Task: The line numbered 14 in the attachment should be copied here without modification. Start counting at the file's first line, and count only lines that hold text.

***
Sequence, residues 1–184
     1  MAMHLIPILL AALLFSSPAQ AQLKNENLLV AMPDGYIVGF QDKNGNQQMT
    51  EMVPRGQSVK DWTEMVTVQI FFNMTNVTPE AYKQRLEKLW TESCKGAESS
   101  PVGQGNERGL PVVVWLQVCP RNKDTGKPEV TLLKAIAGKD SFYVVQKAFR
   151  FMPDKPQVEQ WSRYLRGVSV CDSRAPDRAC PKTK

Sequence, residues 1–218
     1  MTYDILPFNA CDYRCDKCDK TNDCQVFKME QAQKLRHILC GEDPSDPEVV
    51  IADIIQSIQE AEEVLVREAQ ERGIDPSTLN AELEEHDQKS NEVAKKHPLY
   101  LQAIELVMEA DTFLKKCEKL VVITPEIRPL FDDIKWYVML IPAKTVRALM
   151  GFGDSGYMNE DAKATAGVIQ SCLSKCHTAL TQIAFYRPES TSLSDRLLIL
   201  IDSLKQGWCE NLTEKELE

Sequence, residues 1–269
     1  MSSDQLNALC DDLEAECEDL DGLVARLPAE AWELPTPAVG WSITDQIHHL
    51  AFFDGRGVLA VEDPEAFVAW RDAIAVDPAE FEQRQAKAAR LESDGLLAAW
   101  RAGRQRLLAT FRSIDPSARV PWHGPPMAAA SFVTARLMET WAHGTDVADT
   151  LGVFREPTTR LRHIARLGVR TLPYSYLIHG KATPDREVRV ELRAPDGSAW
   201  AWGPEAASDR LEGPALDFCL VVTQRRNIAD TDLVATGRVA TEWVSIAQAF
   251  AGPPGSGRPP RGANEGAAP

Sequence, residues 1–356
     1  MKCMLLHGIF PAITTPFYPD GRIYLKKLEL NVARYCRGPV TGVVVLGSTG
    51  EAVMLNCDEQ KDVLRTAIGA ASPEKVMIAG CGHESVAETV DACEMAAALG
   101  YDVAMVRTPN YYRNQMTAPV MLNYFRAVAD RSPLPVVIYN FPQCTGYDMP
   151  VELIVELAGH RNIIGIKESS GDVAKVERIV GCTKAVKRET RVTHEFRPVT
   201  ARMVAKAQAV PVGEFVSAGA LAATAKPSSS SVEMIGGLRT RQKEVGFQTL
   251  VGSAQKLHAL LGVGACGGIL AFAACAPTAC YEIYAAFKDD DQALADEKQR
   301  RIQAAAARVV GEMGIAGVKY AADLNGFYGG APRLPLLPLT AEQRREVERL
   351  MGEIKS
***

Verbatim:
    51  AFFDGRGVLA VEDPEAFVAW RDAIAVDPAE FEQRQAKAAR LESDGLLAAW